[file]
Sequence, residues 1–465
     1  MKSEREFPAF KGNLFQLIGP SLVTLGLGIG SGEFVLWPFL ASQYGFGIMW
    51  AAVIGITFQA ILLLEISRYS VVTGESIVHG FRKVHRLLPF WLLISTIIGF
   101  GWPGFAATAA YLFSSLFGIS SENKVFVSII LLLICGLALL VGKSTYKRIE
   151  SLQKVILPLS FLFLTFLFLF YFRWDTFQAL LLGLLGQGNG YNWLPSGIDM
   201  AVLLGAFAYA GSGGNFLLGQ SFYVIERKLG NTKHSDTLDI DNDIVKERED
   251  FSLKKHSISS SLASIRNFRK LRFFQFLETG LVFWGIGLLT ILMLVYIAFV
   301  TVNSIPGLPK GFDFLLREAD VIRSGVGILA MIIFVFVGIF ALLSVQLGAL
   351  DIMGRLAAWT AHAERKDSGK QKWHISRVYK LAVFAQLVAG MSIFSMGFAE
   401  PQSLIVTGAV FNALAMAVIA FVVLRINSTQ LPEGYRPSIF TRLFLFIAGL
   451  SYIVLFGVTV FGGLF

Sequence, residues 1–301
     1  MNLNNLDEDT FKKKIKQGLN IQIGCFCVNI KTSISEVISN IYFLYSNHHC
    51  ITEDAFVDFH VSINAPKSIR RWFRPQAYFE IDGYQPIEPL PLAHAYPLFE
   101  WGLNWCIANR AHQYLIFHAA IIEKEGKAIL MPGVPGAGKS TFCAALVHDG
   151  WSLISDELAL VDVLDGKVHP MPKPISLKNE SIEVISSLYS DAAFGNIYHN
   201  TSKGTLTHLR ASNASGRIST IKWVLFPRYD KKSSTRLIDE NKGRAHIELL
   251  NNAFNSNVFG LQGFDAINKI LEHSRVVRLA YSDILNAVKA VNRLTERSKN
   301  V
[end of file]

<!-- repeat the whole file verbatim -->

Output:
Sequence, residues 1–465
     1  MKSEREFPAF KGNLFQLIGP SLVTLGLGIG SGEFVLWPFL ASQYGFGIMW
    51  AAVIGITFQA ILLLEISRYS VVTGESIVHG FRKVHRLLPF WLLISTIIGF
   101  GWPGFAATAA YLFSSLFGIS SENKVFVSII LLLICGLALL VGKSTYKRIE
   151  SLQKVILPLS FLFLTFLFLF YFRWDTFQAL LLGLLGQGNG YNWLPSGIDM
   201  AVLLGAFAYA GSGGNFLLGQ SFYVIERKLG NTKHSDTLDI DNDIVKERED
   251  FSLKKHSISS SLASIRNFRK LRFFQFLETG LVFWGIGLLT ILMLVYIAFV
   301  TVNSIPGLPK GFDFLLREAD VIRSGVGILA MIIFVFVGIF ALLSVQLGAL
   351  DIMGRLAAWT AHAERKDSGK QKWHISRVYK LAVFAQLVAG MSIFSMGFAE
   401  PQSLIVTGAV FNALAMAVIA FVVLRINSTQ LPEGYRPSIF TRLFLFIAGL
   451  SYIVLFGVTV FGGLF

Sequence, residues 1–301
     1  MNLNNLDEDT FKKKIKQGLN IQIGCFCVNI KTSISEVISN IYFLYSNHHC
    51  ITEDAFVDFH VSINAPKSIR RWFRPQAYFE IDGYQPIEPL PLAHAYPLFE
   101  WGLNWCIANR AHQYLIFHAA IIEKEGKAIL MPGVPGAGKS TFCAALVHDG
   151  WSLISDELAL VDVLDGKVHP MPKPISLKNE SIEVISSLYS DAAFGNIYHN
   201  TSKGTLTHLR ASNASGRIST IKWVLFPRYD KKSSTRLIDE NKGRAHIELL
   251  NNAFNSNVFG LQGFDAINKI LEHSRVVRLA YSDILNAVKA VNRLTERSKN
   301  V